By the skin of your teeth

An interesting word that came up in my Swedish lessons this week was hinna, which to have sufficient time to do something, to manage to do something in time, or to be on/in time, not to be late. That’s quite a lot of meaning packed into a small word!

Clock

Here are some examples of how it’s used:

  • Hinner du idag? = Do you have time today?
  • Jeg hinner inte i dag = I don’t have enough time today
  • Vi hinner inte leka lekar just nu = We don’t have time to play games right now
  • Hann du läsa alla sidorna? = Did you manage to read all the pages?
  • Om vi inte går nu så hinner vi inte till tåget = If we don’t go now, we’ll miss the train
  • Det hinns inte. Kom nu! = There’s no time. Come now!

A possibly related word is hinna, which means a coat(ing), skin (on liquids) film or membrane. So perhaps you’re doing something by the skin of your teeth when you hinna, although the meanings aren’t quite the same.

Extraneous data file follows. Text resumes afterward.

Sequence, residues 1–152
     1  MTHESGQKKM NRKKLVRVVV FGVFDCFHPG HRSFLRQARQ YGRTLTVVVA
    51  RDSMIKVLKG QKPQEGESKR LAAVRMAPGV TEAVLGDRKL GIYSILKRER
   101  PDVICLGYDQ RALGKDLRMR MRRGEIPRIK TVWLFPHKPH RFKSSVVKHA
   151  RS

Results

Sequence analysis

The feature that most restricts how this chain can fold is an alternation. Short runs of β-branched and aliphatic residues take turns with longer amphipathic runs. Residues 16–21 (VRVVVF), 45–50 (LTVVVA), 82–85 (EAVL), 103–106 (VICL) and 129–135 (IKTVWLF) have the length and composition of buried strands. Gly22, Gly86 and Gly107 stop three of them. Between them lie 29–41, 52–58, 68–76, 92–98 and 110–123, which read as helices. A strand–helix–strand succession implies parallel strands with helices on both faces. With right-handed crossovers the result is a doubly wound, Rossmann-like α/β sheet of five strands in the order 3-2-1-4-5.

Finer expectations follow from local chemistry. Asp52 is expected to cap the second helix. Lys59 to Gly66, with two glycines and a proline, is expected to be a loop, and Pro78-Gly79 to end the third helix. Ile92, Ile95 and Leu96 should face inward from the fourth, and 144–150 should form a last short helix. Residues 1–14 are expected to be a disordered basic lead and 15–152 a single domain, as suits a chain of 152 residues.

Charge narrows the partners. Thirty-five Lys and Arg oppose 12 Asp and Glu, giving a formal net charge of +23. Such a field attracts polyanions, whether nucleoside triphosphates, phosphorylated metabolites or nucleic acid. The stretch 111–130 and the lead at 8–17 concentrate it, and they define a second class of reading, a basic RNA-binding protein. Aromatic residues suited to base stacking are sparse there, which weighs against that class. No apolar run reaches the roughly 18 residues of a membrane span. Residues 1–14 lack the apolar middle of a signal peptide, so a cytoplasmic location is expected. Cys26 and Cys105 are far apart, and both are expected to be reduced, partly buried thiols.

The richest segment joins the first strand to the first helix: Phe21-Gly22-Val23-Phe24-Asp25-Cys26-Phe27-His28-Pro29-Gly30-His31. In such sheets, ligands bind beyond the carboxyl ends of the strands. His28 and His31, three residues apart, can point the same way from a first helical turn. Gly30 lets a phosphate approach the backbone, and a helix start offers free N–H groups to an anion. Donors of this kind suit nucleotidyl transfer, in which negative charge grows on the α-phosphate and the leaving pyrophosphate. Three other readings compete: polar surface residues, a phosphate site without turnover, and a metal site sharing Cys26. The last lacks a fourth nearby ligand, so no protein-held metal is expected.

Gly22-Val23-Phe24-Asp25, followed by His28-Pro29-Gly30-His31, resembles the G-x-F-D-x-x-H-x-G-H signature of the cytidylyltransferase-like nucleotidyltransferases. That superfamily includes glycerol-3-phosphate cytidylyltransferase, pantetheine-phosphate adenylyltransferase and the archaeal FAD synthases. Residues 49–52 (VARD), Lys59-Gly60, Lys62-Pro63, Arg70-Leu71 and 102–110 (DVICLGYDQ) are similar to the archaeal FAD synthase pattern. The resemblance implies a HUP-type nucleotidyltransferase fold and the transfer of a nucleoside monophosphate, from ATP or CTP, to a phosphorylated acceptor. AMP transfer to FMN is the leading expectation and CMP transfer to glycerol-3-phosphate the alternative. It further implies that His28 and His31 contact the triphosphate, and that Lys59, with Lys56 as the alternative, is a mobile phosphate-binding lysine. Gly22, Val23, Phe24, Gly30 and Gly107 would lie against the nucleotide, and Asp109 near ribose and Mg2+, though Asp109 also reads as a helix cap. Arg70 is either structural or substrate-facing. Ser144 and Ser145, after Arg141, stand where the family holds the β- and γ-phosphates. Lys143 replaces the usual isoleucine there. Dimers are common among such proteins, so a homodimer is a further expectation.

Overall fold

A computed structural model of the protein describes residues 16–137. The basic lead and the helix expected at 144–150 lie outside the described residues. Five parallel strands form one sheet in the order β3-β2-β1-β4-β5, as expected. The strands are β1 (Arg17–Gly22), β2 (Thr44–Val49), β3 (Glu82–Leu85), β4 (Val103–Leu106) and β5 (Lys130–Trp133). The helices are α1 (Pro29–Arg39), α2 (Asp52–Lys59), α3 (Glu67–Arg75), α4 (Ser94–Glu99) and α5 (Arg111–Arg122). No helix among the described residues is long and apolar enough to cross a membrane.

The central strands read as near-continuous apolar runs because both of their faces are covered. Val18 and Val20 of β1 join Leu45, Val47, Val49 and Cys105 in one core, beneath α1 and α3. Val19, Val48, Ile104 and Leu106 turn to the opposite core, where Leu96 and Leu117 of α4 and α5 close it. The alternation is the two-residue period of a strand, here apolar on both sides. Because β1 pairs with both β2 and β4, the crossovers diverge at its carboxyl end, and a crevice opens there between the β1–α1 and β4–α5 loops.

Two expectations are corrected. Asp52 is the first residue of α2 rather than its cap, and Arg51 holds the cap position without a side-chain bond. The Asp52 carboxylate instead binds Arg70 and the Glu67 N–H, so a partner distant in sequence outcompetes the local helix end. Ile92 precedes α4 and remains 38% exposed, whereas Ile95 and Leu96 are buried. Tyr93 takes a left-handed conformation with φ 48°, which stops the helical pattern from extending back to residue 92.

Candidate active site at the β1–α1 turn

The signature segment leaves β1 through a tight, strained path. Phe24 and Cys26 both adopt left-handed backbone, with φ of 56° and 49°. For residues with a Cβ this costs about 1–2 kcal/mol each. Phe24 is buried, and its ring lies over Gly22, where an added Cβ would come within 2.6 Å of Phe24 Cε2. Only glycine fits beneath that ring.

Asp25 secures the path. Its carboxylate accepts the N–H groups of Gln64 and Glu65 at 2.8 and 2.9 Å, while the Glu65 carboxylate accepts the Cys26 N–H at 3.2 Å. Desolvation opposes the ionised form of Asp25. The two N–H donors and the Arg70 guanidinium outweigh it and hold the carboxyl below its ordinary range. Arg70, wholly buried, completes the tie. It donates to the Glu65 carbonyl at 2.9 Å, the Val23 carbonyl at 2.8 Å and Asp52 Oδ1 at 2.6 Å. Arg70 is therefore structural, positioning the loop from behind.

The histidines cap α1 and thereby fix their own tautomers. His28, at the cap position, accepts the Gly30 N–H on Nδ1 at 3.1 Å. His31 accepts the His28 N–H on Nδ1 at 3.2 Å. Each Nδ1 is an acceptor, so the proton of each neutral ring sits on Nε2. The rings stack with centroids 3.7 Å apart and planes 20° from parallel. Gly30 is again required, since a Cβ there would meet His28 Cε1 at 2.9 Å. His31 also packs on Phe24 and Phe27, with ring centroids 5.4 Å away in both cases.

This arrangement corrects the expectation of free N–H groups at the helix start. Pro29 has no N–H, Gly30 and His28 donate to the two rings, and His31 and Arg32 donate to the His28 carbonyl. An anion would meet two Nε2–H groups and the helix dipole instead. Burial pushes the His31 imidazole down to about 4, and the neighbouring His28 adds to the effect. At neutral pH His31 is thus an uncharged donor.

Doing something by the skin of your teeth means to barely manage to do something, or narrowly succeed in doing something. It apparently comes from the Bible (Job 19:20) “… I am escaped with the skin of my teeth”, and is a literal translation of the original Hebrew.

Do you know any other teeth-based idioms?

Sources: Wiktionary, bab.la, The Phrase Finder, The Idioms

One thought on “By the skin of your teeth

  1. In Russian, a similar word is успеть — to complete a task in time. Of the Swedish examples, it would really only work with 4 and 5, so it’s a little different. (Or rather, Ты сегодня успеешь? is possible, but there’s an implied object — “Are you going to manage/have time to do it today?”) It’s related to спешить (to hurry), успех (success) and преуспеть (to be successful).

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